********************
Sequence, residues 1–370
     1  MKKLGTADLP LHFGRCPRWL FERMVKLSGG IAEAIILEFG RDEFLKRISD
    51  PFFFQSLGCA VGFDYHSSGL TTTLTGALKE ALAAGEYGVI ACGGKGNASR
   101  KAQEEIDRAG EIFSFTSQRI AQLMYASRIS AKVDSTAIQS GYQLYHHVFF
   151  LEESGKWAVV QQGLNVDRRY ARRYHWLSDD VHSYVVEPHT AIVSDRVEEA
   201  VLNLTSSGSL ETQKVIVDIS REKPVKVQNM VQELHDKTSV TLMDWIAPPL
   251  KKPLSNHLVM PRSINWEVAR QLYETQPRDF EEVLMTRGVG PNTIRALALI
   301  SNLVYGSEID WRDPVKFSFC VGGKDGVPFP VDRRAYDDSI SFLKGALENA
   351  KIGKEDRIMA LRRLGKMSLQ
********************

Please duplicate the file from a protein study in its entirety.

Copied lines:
Sequence, residues 1–370
     1  MKKLGTADLP LHFGRCPRWL FERMVKLSGG IAEAIILEFG RDEFLKRISD
    51  PFFFQSLGCA VGFDYHSSGL TTTLTGALKE ALAAGEYGVI ACGGKGNASR
   101  KAQEEIDRAG EIFSFTSQRI AQLMYASRIS AKVDSTAIQS GYQLYHHVFF
   151  LEESGKWAVV QQGLNVDRRY ARRYHWLSDD VHSYVVEPHT AIVSDRVEEA
   201  VLNLTSSGSL ETQKVIVDIS REKPVKVQNM VQELHDKTSV TLMDWIAPPL
   251  KKPLSNHLVM PRSINWEVAR QLYETQPRDF EEVLMTRGVG PNTIRALALI
   301  SNLVYGSEID WRDPVKFSFC VGGKDGVPFP VDRRAYDDSI SFLKGALENA
   351  KIGKEDRIMA LRRLGKMSLQ